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ation where feasible. The whole installation is a good example of electric operation.

Realizing that a great deal of the machinery was of new type and that the operating conditions in a tropical climate would be unusually severe, the greatest care was exercised before finally deciding on the type and character of the apparatus. In most cases a sample piece was first made and actually tried out under the severest working conditions, and changed if necessary before the order for the whole lot was given.

The cylindrical gate valves controlling the tunnels from the center-wall culvert consist essentially of a vertical cylinder placed in a chamber adjoining the culvert. The cylinder is seated at the bottom, and directly beneath it is a well to the floor culvert. A short lift gives a large waterway under the edges of the cylinder.

The great advantage of the cylindrical type is that it is very quick opening, and that the water pressures are balanced and do not tend to prevent either opening or closing. On the canal a special form is used which does not involve carrying the full diameter of the cylinder above the water surface.

The larger openings to the main culverts are controlled by rising stem gate valves of the Stoney pattern, similar to those used in the crest of the Gatun spillway dam. The gate is made of heavy structural steel, and the water pressure is taken by a train of rollers at the back of the valve upon which the gate moves. Leakage is prevented by means of a metal water-seal extending around the face of the valve. This seal is fastened to the valve and slides on the wall of the opening and forms the only sliding friction of the whole valve.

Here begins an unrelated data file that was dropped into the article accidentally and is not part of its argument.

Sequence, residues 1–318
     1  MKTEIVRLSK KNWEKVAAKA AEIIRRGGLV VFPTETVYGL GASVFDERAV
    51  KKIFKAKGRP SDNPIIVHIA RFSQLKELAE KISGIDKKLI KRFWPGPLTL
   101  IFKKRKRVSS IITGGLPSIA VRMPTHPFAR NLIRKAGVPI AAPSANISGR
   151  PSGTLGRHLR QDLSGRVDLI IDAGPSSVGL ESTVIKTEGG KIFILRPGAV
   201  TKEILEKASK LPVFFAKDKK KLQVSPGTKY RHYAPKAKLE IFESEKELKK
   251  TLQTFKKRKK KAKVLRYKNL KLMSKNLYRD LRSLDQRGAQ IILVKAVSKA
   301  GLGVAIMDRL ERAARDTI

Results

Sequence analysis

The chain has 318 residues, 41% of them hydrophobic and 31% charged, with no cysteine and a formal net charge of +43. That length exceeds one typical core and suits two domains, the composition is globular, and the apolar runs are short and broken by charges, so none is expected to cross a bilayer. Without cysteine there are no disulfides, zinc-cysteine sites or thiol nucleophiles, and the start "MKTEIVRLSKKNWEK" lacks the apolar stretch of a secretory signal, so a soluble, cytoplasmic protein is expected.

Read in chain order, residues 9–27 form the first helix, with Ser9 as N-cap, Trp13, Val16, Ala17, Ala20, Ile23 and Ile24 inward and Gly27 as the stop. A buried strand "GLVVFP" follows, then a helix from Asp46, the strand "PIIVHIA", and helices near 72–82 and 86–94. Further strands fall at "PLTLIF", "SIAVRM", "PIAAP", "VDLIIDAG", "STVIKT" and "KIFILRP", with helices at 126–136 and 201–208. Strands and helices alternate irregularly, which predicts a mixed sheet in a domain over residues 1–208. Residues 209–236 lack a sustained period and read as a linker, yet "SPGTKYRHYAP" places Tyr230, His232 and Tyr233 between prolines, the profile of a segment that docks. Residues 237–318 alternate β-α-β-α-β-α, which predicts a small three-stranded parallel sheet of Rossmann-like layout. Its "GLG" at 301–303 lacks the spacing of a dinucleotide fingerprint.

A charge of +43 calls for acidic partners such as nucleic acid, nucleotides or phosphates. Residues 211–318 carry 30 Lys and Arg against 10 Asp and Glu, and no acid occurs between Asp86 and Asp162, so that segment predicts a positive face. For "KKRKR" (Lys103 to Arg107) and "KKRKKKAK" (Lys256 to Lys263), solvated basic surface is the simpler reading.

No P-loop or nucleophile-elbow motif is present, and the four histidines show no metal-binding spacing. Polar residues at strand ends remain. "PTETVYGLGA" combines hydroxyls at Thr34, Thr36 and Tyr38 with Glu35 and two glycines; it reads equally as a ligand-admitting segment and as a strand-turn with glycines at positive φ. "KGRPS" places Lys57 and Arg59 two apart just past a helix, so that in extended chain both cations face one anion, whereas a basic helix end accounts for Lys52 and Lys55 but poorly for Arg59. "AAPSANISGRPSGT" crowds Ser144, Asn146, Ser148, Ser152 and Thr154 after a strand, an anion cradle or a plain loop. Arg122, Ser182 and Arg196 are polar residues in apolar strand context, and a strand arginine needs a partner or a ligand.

Each mitering lock gate consists of two leaves hinged to the walls at opposite sides of the lock, and each leaf is 65 feet long; that is, longer than half the width of the lock, so that when the two leaves are closed, they form an angle pointing against the water pressure. The 92 leaves weigh in the aggregate 60,000 tons, a weight in excess of that of two modern dreadnoughts. If all the gates were laid flat in a pile, it would be 644 feet high.

The joints at the hinges are made water-tight by means of Babbitt metal. Embedded on the sill of the lock is a heavy block of wood, against which a similar block along the lower end of the gate fits. The watertight joint, however, is made by means of a seal on the under side of the block on the gate in the form of a rubber flap 1 inch thick, which is forced against the seat by the water pressure itself. The weight of the gates is decreased by water-tight compartments near the bottom, which give flotation. A trunk extends from the deck to these compartments. Some of the upper water-tight chambers may be filled so as to control the buoyancy of the gates for different levels of water. When in motion the gates hang simply on their hinges, and there are no rollers on the floor of the lock, the weight being carried principally by the buoyancy of the chambers.


In deciding on the site for the locks, extensive and elaborate borings were made, indicating the exact character of the material. In every case a rock foundation was selected.

The Gatun locks were constructed somewhat earlier than those at Pedro Miguel and Miraflores, and the method of building them also differed from that used for the others. The conditions were not so favorable for economical work. The three Gatun locks and the approach walls contain over 2,000,000 cubic yards of concrete. For purpose of comparison it may be stated that a large modern dry dock contains less than one-tenth this amount.